1970 Alpine Rally

Finishing is the thing by Beatty Crawford

This feature was first published in MotorWeek dated 28 May 1970.

After the Gallaher Circuit of Ireland Rally 1970, in which Adrian Boyd proved that he is one of the quickest rally drivers in the British Isles, we decided that since many people believed that our times on the Circuit stages were due to local knowledge, we would have to do a European event to prove our point.

We had a look at the European Rally Calendar, and saw that we had the choice of the Welsh, Tulip, or Austrian Alpine events, all of which took place on the same week, as did the Texaco, which we regretted having to miss. We chose the Austrian Alpine for a number of reasons, firstly, we had heard that the roads were very similar to those used on the “Circuit.” Secondly, Ford were sending two cars for Ove Andersson and Jean Francois Piot, and we would be included in the team if we competed. This would ensure us of full works service, and to a lesser extent, Goodyear tyre service, without which it is now almost impossible to rally on the continent. Thirdly, it was a World Manufacturers Championship qualifier, so most of the works teams would be competing, giving us the chance to see how we would compare. Fourthly, Austria has the reputation be being cheap to live in, and thus our expenses wouldn’t be too high.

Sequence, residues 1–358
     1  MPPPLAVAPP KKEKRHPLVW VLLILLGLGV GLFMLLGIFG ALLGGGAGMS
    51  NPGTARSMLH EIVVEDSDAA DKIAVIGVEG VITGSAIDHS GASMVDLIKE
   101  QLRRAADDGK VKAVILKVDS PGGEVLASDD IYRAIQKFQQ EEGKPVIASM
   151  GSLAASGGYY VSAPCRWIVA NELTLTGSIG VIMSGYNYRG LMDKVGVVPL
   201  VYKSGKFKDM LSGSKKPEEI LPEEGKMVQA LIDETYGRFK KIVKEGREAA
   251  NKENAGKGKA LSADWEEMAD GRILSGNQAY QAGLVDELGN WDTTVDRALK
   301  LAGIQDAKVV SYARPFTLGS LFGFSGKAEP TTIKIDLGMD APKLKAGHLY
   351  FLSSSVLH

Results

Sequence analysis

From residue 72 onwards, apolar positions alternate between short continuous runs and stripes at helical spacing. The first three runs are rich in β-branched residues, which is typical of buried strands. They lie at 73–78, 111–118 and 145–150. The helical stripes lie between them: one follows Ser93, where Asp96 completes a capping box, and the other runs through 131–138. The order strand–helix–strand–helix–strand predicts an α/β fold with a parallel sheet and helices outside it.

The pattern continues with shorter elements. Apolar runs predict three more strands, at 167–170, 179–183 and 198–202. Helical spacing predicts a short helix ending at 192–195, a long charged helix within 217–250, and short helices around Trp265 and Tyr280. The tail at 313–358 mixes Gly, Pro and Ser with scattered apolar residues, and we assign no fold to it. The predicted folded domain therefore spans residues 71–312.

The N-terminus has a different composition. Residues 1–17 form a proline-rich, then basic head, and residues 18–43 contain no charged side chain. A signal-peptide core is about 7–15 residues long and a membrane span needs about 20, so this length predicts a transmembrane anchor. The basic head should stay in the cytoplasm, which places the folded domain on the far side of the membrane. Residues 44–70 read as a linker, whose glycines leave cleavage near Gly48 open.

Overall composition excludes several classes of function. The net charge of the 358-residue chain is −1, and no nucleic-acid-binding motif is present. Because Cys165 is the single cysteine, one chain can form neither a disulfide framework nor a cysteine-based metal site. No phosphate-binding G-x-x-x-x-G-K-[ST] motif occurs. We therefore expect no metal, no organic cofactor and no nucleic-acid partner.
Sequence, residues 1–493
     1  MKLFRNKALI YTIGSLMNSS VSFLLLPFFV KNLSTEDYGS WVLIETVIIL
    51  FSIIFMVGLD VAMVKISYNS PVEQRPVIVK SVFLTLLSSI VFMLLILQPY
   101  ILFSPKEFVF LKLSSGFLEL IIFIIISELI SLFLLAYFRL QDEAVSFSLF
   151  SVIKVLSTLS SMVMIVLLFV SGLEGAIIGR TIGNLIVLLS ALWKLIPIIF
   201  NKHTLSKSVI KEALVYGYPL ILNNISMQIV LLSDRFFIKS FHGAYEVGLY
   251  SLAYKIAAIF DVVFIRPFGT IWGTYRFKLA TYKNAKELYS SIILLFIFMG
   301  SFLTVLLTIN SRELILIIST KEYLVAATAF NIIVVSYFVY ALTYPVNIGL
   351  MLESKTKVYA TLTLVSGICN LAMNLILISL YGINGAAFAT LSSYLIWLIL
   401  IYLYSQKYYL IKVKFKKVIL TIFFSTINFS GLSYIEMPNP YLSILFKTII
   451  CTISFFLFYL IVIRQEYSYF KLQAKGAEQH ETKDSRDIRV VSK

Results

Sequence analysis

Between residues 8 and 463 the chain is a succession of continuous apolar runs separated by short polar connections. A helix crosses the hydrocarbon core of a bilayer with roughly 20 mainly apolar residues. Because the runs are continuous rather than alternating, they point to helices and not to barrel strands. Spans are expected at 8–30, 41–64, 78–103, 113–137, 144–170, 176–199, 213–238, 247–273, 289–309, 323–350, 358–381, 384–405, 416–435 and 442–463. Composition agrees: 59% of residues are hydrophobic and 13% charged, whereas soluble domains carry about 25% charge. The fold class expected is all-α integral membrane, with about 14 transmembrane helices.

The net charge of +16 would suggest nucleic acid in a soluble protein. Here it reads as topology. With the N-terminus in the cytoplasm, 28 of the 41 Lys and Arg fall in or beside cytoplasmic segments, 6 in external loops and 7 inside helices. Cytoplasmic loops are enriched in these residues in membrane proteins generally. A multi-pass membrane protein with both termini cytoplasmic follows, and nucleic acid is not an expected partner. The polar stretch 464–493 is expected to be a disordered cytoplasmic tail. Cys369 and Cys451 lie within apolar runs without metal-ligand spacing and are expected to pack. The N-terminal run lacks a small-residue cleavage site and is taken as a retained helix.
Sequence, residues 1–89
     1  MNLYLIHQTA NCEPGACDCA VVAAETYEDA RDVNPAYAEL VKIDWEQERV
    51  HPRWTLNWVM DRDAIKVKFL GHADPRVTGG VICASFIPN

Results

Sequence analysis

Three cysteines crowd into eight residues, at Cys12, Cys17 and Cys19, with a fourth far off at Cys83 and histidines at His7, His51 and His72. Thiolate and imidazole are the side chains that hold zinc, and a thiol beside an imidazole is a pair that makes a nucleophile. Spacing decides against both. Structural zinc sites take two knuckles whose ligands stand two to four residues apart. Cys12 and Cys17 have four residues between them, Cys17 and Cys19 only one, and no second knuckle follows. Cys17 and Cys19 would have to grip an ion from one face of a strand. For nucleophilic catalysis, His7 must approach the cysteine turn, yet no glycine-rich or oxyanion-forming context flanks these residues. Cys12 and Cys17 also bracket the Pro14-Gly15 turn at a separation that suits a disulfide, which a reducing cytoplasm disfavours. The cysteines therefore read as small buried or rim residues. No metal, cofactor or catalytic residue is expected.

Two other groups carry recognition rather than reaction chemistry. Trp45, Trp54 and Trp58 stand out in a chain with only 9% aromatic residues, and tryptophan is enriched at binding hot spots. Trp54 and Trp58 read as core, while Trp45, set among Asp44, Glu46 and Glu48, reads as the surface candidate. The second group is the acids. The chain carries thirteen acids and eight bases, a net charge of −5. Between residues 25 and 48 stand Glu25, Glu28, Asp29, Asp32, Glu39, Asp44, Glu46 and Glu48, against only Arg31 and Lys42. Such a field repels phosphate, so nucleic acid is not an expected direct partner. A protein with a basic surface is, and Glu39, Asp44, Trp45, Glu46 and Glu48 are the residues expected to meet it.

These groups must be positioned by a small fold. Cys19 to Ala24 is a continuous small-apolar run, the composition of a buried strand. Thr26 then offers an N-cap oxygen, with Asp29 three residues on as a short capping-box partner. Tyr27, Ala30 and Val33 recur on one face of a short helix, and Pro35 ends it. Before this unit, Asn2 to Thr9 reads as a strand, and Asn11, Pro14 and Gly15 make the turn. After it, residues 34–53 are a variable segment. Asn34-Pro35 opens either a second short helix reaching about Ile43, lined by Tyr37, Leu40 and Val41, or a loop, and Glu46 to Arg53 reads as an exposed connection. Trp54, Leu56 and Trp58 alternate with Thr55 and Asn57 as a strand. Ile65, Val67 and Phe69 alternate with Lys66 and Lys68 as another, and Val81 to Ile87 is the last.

We crossed from Harwich to the Hook of Holland on a Wednesday night, and when we disembarked at 6.30 am on Thursday morning, we hoped to be in Austria, 600 miles downn the Autobahn, by evening. We would have achieved this aim had We not been held up by five traffic jams. These appeared to have been caused by accidents, and in one of them we didn’t move for an hour!